Nonconformity Has Counter-Intuitive Benefits, Study Finds

A new study reports that going along with a group—whose viewpoints you are diametrically opposed to—triggers a physiological threat response.

Deconstructing Ryan Lochte's Shame and Fear of Vulnerability

Ryan Lochte is in the hot seat for his shameful after-hours behavior in Rio last weekend. Is his apology for "not being more candid and careful" enough to appease his shame?

The Neuroscience of Going from Machiavellian to Magnanimous

Why would four U.S. Olympic swimmers fabricate a story about being robbed at gunpoint in Rio de Janeiro? A new Oxford study explains the brain mechanics of self-serving behavior.

Michael Phelps’ Heroic Journey Goes Far Beyond Gold Medals

Michael Phelps is the most-decorated Olympian of all time. He's also a role model for sharing intimate details of how he completed the hero's journey after hitting rock bottom.

Study: If You Believe in Exercise, It'll Make You Feel Good

Do you consider physical activity to be a source of joy or pure torture? If you hate to exercise, research suggests that you might be creating a self-fulfilling prophecy.

3 Ways Aerobic Exercise Improves Schizophrenia Symptoms

A groundbreaking report, published this morning, identifies three specific ways that aerobic exercise improves cognitive functioning in people with schizophrenia.

One Drug-Free Way to Reduce Your Risk of 5 Chronic Diseases

A study published today offers a drug-free prescriptive that could reduce your risk of 5 chronic diseases. The best news: this remedy is inexpensive and universally accessible.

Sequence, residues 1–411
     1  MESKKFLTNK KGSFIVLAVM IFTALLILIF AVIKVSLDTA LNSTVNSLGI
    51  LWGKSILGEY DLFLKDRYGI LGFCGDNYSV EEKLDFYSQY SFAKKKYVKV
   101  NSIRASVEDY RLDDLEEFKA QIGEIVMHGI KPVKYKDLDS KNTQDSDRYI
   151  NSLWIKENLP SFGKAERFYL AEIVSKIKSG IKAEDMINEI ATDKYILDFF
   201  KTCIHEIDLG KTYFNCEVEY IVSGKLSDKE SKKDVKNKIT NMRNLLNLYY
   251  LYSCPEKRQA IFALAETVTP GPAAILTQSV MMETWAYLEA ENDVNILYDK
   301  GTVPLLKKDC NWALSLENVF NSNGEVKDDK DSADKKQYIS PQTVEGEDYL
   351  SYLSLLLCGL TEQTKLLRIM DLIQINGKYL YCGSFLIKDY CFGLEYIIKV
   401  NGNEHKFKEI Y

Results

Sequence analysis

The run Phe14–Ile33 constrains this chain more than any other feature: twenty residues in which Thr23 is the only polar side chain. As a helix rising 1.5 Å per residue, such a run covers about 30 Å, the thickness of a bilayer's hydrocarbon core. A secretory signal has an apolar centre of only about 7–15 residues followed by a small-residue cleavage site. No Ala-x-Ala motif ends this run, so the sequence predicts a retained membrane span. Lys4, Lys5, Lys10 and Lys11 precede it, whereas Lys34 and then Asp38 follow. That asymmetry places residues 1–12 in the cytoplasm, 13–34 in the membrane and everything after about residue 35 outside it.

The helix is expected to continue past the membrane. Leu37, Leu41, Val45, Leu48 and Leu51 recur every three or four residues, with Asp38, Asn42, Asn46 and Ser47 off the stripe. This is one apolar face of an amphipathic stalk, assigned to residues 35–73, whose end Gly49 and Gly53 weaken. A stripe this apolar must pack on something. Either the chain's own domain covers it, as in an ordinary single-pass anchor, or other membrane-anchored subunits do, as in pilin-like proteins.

The Neuroprotective Powers of Exercise Should Motivate You

Do you need a new source of motivation to become more physically active? If so, there is growing evidence that exercise increases brain size and reduces dementia risk as you age.

Study: The Male Warrior Hypothesis May Be Real

Why are male athletes more likely to be touchy-feely after a sports competition than their female counterparts? A new study from Harvard University offers some interesting clues.

Curiosity: The Good, the Bad, and the Double-Edged Sword

Eleanor Roosevelt described curiosity as "the most useful gift." But, new research suggests that curiosity is a doubled-edged sword that has a dark side.

The No. 1 Way to Stay Alive and Well in a Digital Age

Do you spend at least 8 hours a day sitting in front of a computer screen? If so, a new study offers a simple way you can compensate for the detrimental impacts of sedentarism.

Neuroimaging Captures Four Hidden Stages of Problem Solving

State-of-the-art neuroimaging technology allows researchers to capture complex cognitive functions on film. A new study identifies four previously hidden stages of problem solving.

Yes, You Can Do It! Self-Control May Be an Infinite Resource

Researchers are beginning to question the notion that self-control is a depletable resource. This is good news for anyone looking for inspiration and motivation to seize the day.

Why Is Poor Balance Strongly Correlated With Dementia Risk?

A first-of-its-kind study has identified a strong link between poor balance and the risk of dementia in older age. What is the neuroscience behind this correlation?

Your Eyes Are a Window Into the Inner Workings of Your Brain